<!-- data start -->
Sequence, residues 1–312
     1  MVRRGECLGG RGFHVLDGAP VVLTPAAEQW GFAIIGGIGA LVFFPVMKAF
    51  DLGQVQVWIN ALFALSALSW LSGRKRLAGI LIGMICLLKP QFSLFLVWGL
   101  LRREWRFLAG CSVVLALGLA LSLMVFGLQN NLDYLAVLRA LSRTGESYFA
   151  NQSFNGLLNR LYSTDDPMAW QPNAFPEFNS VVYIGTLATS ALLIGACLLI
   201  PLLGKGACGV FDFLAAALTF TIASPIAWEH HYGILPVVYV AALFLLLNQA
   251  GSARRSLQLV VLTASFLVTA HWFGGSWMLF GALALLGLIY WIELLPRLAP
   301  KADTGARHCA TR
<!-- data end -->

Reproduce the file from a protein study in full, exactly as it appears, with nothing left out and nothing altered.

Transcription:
Sequence, residues 1–312
     1  MVRRGECLGG RGFHVLDGAP VVLTPAAEQW GFAIIGGIGA LVFFPVMKAF
    51  DLGQVQVWIN ALFALSALSW LSGRKRLAGI LIGMICLLKP QFSLFLVWGL
   101  LRREWRFLAG CSVVLALGLA LSLMVFGLQN NLDYLAVLRA LSRTGESYFA
   151  NQSFNGLLNR LYSTDDPMAW QPNAFPEFNS VVYIGTLATS ALLIGACLLI
   201  PLLGKGACGV FDFLAAALTF TIASPIAWEH HYGILPVVYV AALFLLLNQA
   251  GSARRSLQLV VLTASFLVTA HWFGGSWMLF GALALLGLIY WIELLPRLAP
   301  KADTGARHCA TR